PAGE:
From the 1989 Tiananmen Square Incident to the 1999 Kosovo Crisis

From the 1989 Tiananmen Square Incident to the 1999 Kosovo Crisis

--In the memorial of the tenth anniversary of Tiananmen Square Incident

By Jing Zhao, Representative & Research Fellow

US-Japan-China Comparative Policy Research Institute, San Jose


Although I usually do not read Chinese material, a lot of information on the ongoing crisis in Yugoslavia, most of it through the Internet, came to me, especially after the Chinese Embassy bombing. As Ryan Dunch ("Bombings, Blood Debts, and Mutual Suspicion," _History News Service_, May 26, 1999) points out: "The events of May 1999 may mark a decisive turning point toward mutual suspicion and hostility in the relationship between China and the United States, with perilous implications for the twenty-first century." The "unplanned" bombing puts the unavoidable conflict between Beijing and the Washington-Tokyo-Taipei axis much more early than expected. Peoples on both sides have not yet prepared for the coming of this situation.

The bombing itself may or may not be an incident, but it is a symbolic indication of how the Kosovo crisis is related to the 1989 Tiananmen Square Incident, just ten years ago.

People still remember that soon following the Tiananmen Square Incident, one after another, most of the world's Socialist regimes collapsed, in an eerie reversal of the Cold War's "domino theory." Then in 1991 the first and greatest of the Socialist state powers, the Soviet Union, astonishingly annulled itself. The Tiananmen Square Incident became the most powerful stimulus to accelerate this process.

As shown by great thinkers (such as Peter Kropotkin), a historical reaction in one place always brings about reactionary responses in other global settings. It is the Beijing regime’s crushing of the democracy movement ten years ago which helped and encouraged the regimes in Tokyo, Washington, Taipei and others to utilize the 1989 Tiananmen Square Incident to promote their reactionary policy.

During this process, the Tokyo regime was the first to fully utilize the Tiananmen Square Incident to pursue its backward militaristic policy because Japan received most of the shocking impact of the Tiananmen Square Incident. In the Japanese domestic political structure, the opposition, led by the Socialist Party, completely collapsed due to their close relations with the Beijing regime. In the international field, the Tokyo regime exploited the most advantage when the Beijing regime was isolated from the "international world" by trading with the Beijing regime on how to handle the fate of Chinese democratic activists in Japan. This is the darkest time in the Sino-Japanese relations history since their "normalization" in 1972 As the Chinese student representative in Osaka area, I witnessed and experienced this historical change when I became a hostage between the Beijing and Tokyo regimes after they failed pressing me to betray our democracy movement.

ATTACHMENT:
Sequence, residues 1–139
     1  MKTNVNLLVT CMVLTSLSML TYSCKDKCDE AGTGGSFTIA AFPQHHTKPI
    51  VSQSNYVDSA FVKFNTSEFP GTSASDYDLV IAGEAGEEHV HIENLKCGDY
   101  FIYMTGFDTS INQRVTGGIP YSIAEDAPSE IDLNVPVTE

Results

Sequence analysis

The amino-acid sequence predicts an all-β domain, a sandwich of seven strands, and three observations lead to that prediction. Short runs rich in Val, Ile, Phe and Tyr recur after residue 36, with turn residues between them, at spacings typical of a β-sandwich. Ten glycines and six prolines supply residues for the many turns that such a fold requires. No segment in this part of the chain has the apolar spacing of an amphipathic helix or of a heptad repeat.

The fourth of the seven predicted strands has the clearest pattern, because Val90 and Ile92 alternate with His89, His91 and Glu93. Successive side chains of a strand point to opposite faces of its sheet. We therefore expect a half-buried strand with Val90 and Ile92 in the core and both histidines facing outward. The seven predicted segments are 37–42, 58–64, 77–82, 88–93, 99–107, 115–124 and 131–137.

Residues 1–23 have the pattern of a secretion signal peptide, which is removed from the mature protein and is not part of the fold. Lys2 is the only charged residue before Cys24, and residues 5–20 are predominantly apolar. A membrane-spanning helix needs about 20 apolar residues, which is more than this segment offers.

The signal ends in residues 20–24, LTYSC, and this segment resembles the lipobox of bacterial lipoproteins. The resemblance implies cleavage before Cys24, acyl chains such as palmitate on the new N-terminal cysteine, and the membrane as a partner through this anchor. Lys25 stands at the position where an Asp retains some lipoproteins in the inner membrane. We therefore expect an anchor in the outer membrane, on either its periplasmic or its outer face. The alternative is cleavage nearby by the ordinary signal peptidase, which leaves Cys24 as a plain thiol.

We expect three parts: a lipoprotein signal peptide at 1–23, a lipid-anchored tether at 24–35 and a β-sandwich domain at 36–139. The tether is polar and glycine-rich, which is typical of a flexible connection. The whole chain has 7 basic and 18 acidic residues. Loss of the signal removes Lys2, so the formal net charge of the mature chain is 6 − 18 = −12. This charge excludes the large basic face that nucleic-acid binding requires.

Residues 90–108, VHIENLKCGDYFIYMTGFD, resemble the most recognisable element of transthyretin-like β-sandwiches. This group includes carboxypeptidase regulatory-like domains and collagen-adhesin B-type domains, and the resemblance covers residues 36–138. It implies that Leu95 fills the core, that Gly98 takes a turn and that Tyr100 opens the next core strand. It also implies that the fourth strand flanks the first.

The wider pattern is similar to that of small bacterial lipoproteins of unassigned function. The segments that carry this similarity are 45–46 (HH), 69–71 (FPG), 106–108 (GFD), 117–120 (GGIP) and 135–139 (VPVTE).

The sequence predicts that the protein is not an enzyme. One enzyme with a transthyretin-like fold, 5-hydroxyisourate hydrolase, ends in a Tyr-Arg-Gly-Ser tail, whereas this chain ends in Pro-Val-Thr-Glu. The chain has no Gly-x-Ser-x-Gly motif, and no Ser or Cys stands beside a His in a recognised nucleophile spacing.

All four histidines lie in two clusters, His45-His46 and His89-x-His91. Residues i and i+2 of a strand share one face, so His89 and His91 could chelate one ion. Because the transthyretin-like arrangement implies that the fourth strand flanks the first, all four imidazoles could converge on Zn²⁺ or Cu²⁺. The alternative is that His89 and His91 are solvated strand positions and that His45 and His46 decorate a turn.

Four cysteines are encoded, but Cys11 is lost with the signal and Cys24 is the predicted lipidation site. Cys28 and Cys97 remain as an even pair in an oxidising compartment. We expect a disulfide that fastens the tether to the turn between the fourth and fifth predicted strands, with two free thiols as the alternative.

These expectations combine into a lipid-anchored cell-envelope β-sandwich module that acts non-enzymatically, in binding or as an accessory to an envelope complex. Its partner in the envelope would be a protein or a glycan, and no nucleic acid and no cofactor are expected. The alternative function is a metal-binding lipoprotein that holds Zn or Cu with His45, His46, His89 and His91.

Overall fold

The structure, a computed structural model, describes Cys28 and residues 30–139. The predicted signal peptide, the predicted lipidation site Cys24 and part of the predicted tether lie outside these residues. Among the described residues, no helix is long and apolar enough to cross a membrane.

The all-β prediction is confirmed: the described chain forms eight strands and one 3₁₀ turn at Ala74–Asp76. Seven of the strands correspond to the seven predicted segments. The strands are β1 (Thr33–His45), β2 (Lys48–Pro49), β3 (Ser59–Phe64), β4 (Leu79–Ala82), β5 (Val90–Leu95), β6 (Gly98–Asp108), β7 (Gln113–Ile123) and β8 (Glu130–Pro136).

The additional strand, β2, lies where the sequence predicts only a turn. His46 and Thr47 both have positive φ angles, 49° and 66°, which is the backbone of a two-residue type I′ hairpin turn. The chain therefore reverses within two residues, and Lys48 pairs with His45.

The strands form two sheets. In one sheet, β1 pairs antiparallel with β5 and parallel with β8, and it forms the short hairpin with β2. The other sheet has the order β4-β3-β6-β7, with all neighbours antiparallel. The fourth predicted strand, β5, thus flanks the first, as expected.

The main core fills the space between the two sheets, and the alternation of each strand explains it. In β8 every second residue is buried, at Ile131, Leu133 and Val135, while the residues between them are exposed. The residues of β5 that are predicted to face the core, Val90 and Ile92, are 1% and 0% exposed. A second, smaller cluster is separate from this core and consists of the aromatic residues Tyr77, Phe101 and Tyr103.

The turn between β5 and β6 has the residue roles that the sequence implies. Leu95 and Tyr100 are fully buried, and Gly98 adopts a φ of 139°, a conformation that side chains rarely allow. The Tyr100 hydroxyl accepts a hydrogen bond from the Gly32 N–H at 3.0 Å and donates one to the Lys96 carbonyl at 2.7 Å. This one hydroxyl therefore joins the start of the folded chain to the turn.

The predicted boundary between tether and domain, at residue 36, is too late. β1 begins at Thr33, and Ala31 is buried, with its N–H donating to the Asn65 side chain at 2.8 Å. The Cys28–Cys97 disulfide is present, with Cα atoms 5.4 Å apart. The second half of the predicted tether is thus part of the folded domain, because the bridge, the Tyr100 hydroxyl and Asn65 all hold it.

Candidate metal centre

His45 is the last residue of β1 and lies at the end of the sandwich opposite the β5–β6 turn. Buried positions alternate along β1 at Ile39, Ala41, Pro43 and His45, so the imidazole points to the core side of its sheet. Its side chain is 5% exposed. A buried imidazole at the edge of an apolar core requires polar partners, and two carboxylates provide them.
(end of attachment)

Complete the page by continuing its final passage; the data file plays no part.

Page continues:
Along with the complete collapse of the "progressive" forces as a real political entity, the whole politics in all industrialized countries rapidly shifted toward a conservative, reactionary and militaristic direction. After ten years of the Tiananmen Square Incident, the U.S., the sole superpower, began to implement its imperialist global strategy in most prosperous (Europe and East Asia) and resourceful (Middle East) areas. While still continuing its bombing against Iraq in Middle East, the U.S. forced European allies and Japan to "redefine" the NATO strategy and U.S.-Japanese Security frame to transform them from a somewhat "exclusively defense-oriented" (senshu boei) regime to an globally aggressive military alliance.

Why did the U.S. present an ultimatum (see, for example, Henry Kissinger ‘s "New World Disorder," _ Newsweek International, May 31, 1999) demanding Yugoslavia’s surrender instead of a comprising negotiation at Rambouilet? Among others, one important reason is that, through three years political backward shifting after the 1996 Clinton-Hashimoto Declaration, Japan has finally finished the process of forwarding the new "Defense Guidelines." On April 27 and May 25, Japan’s House of Representatives and House of Councilors passed the three Defense Guidelines laws, to ensure that Japan will mobilize its national resources to support any U.S.-initiated military actions "surrounding Japan." For the Beijing regime, it is too clear that China will become another Iraq or Yugoslavia -- if not the next one which will most likely be North Korea, though.

For the Beijing regime, though obviously there does exist one option which is to reverse its policy on the "counter-revolutionary" Tiananmen Square Incident, it simply could not do so because most of the current ruling class obtained or maintained their power by the incident. So they have to take the remaining choice: to engage China’s nationalism. For Washington’s policy makers and strategists, now they are facing a "new" face of Chinese youth who turned their protest from Zhongnanhai to the White House.